Association of galectin-3 and fibrosis markers with long-term cardiovascular outcomes in patients with heart failure, left ventricular dysfunction, and dyssynchrony: insights from the CARE-HF (Cardiac Resynchronization in Heart Failure) trial


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Abstract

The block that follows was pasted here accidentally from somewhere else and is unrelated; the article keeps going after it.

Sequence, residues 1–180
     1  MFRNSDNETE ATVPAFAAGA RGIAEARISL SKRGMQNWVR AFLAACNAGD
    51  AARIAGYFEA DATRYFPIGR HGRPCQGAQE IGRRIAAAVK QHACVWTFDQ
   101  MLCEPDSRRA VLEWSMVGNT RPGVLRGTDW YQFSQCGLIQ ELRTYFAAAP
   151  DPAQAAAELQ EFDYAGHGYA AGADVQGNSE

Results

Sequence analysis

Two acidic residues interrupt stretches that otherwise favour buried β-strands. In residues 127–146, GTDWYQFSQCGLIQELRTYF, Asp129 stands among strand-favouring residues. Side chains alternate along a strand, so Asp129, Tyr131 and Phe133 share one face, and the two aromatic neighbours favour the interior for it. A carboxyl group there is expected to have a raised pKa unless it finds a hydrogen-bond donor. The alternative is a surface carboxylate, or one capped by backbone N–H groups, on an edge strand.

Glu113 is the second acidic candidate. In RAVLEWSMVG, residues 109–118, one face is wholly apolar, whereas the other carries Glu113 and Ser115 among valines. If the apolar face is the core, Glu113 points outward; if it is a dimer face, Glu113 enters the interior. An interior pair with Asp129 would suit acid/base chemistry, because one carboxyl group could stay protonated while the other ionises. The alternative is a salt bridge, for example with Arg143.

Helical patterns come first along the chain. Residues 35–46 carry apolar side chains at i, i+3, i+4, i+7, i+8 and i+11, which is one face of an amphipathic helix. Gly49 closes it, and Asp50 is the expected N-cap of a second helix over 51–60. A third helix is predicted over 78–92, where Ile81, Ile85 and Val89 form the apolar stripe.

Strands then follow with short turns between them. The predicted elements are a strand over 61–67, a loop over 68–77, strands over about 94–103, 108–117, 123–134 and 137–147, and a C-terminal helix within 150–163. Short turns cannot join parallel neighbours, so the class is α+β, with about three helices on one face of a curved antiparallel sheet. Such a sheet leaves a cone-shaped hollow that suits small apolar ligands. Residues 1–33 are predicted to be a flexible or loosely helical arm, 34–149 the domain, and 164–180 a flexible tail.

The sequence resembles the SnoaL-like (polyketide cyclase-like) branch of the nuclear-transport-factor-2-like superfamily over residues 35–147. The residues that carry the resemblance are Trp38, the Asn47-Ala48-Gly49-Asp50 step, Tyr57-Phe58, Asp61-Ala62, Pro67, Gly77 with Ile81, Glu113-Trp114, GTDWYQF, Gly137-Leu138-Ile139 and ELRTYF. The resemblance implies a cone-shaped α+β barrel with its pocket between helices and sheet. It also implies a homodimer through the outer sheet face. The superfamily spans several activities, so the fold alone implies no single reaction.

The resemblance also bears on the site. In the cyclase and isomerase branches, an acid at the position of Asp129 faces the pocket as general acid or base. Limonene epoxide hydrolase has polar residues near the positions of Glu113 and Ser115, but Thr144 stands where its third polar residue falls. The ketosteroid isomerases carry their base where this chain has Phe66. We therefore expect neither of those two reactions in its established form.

AimsCirculating biomarkers of collagen turnover reflect extracellular cardiac matrix (ECCM) remodelling. The extent to which the success of cardiac resynchronization therapy (CRT) is influenced by the degree of cardiac fibrosis and whether CRT can influence matrix remodelling has yet to be studied. Our aim was to determine, in patients with heart failure (HF) and cardiac dyssynchrony, whether ECCM biomarkers are influenced by CRT and can predict cardiovascular outcomes and response to CRT.Methods and resultsSerum levels of ECCM biomarkers [galectin-3 (Gal-3), N-terminal propeptides of type I and III procollagens (PINP and PIIINP), type I collagen telopeptide (ICTP), and matrix metalloproteinase 1 (MMP-1)] were measured in 260 patients, in a substudy of CARE-HF, a randomized controlled trial which evaluated the effects of CRT in patients with left ventricular systolic dysfunction and cardiac dyssynchrony. ECCM biomarkers did not change throughout the 18-month follow-up period. In age- and gender-adjusted analyses, Gal-3 and PIIINP were associated with death or HF hospitalization. In a further multivariate model, Gal-3 >30 ng/mL was associated [OR (95% CI):2.98 (1.43–6.22), P = 0.004] with death or HF hospitalization, along with left ventricular end-systolic volume >200 mL [3.42 (OR: 1.65–7.10), P = 0.001]. The outcome death or left ventricular ejection fraction (LVEF) ≤35% was associated with MMP-1 [≤3 ng/mL: 3.04 (1.37–6.71), P = 0.006]. No significant interaction was observed between the tested biomarkers and the treatment group.ConclusionsIncreased Gal-3 and PIIINP, and low MMP-1 are associated with adverse long-term cardiovascular outcomes but did not predict response to CRT. CRT did not favourably affect serum concentrations of ECCM markers.

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